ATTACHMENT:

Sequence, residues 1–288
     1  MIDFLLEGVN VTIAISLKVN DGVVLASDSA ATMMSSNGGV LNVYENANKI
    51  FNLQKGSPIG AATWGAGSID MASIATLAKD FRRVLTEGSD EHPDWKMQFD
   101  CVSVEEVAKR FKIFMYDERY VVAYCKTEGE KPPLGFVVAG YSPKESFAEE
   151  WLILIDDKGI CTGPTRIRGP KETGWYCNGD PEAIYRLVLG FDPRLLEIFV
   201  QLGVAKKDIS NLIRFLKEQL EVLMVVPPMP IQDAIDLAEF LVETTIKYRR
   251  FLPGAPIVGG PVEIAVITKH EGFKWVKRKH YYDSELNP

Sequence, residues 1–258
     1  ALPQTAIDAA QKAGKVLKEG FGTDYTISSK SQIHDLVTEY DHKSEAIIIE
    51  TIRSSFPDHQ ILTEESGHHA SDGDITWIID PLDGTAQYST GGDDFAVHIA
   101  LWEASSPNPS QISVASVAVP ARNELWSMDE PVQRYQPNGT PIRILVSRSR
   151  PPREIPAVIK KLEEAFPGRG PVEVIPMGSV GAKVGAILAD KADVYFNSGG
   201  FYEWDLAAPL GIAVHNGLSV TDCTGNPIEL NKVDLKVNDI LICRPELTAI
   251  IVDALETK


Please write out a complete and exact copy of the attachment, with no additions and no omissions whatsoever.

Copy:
Sequence, residues 1–288
     1  MIDFLLEGVN VTIAISLKVN DGVVLASDSA ATMMSSNGGV LNVYENANKI
    51  FNLQKGSPIG AATWGAGSID MASIATLAKD FRRVLTEGSD EHPDWKMQFD
   101  CVSVEEVAKR FKIFMYDERY VVAYCKTEGE KPPLGFVVAG YSPKESFAEE
   151  WLILIDDKGI CTGPTRIRGP KETGWYCNGD PEAIYRLVLG FDPRLLEIFV
   201  QLGVAKKDIS NLIRFLKEQL EVLMVVPPMP IQDAIDLAEF LVETTIKYRR
   251  FLPGAPIVGG PVEIAVITKH EGFKWVKRKH YYDSELNP

Sequence, residues 1–258
     1  ALPQTAIDAA QKAGKVLKEG FGTDYTISSK SQIHDLVTEY DHKSEAIIIE
    51  TIRSSFPDHQ ILTEESGHHA SDGDITWIID PLDGTAQYST GGDDFAVHIA
   101  LWEASSPNPS QISVASVAVP ARNELWSMDE PVQRYQPNGT PIRILVSRSR
   151  PPREIPAVIK KLEEAFPGRG PVEVIPMGSV GAKVGAILAD KADVYFNSGG
   201  FYEWDLAAPL GIAVHNGLSV TDCTGNPIEL NKVDLKVNDI LICRPELTAI
   251  IVDALETK